Geron got off his chair and let his apparent height known to Erin. He was short but he was definitely taller than his sons. He sat on the couch and motioned for Erin to sit on the other side. “Please, sit.” His bearing tone made it sound like a command rather than a casual gesture.

Erin complied. Her tail curled up between her legs and her ears plopped down. She admitted in her heart that she was wrong about the Guild Master, Geron was really intimidating.

“Forgive me for the lack of tea and biscuits. I hadn’t planned on having this conversation,” he told Erin with an amicable smile but like every other Guild Staff, the smile stemmed from obligation. “You know what I want to ask?”

“I wasn’t born in the forest and I know next to nothing about the Faerie-kin’s etiquette.”

And Geron smiled again, but it was genuine this time. “I’m glad we can be honest with each other.”

“Although I can’t tell you much about myself, I can assure you I don’t—”

“I’m not here to interrogate you, Miss Erin.”

“You’re not?” Erin blinked. Her shoulders loosened and drooped at those words.

“What an adventurer does or what kind of past they have, it does not matter. But of course, this doesn’t apply if you had a convicted history. So long as your past or history do not bring any harm or demerit to The Guild, we won’t pry further than necessary.”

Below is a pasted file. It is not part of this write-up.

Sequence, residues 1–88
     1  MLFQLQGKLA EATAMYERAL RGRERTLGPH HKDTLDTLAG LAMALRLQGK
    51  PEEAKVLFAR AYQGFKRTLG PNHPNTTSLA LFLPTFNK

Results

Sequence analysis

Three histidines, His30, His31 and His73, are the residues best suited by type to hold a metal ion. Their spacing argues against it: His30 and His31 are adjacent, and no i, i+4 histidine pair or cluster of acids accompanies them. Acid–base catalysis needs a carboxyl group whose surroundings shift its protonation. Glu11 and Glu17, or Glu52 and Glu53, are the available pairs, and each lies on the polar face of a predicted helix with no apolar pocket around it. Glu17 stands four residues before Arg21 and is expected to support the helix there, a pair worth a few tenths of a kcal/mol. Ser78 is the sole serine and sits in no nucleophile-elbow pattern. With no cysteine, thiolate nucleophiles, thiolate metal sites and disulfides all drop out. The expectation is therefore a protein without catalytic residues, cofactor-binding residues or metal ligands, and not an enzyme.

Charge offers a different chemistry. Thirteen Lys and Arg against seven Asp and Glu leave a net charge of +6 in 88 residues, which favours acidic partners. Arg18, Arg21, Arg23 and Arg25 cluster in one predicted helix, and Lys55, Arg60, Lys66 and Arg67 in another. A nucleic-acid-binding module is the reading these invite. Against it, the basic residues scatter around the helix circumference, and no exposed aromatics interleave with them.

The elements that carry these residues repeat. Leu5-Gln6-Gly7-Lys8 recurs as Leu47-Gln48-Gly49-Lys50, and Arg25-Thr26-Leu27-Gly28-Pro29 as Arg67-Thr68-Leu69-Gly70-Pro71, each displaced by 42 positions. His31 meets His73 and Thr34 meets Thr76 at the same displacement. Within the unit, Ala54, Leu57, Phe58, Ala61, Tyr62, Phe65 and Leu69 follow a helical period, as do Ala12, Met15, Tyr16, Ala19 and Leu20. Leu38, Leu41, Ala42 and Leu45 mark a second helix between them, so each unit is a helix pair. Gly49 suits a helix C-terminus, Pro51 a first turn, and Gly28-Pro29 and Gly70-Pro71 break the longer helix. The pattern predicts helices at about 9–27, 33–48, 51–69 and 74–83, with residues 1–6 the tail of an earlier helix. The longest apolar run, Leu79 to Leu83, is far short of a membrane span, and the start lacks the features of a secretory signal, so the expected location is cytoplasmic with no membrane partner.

To be honest, Erin wasn’t expecting such openness. All the dignitaries she had met in the past had their head stuck so far up in their own arse that all they could see was their own s̲h̲i̲t̲. It was frustrating to listen to their nonsense rambles on how superior they are for hours on end, especially during the frequent dinner parties that aimed to flaunt their status and wealth.

“However, you have to understand your own position.”

“My own position?” Erin didn’t like the shift in Geron’s tone.

“You are a Fae but your conduct resembled none of it. It may not be pertinent in such a small town but in the cities, you’ll be looked down upon.”

“Is it because of how I talk? I heard adventurers are already famous for their insensibility.”

“People are used to how adventurers conduct and carry themselves but for Faerie-kin, they still hold some expectations for you even if you’re an adventurer.”

For f̲u̲c̲k̲’s sake, we’re going there again?

“I hope you don’t take this the wrong way, Miss Erin. We’re just trying to look after a blooming talent associated with us.”

Erin scoffed. “I appreciate your gestures, thoughts, and care but too bad. I don’t plan to cater everyone’s whims.”

“I know and I understand that. However, are you aware of your prospects?”

“I am,” Erin responded promptly.

“Should you ever become successful and gain recognition across the world, people will become curious about your past, about where you came from, how you started. Those kinds of things. And the enemies you made along the way, they would use everything they can to drag you off from your position. That’s the price of fame. And I have witnessed such things reoccurring too much to count on both of my hands. I sincerely wish that I won’t be seeing a repeat of a common history.”

“I understand, Mister Geron and I appreciate your concern. But you also have to understand this, I do not care.” Erin stated. “If anyone tries to f̲u̲c̲k̲ with me, I’ll make sure those bastards regret it. I think I made myself clear with my stance.”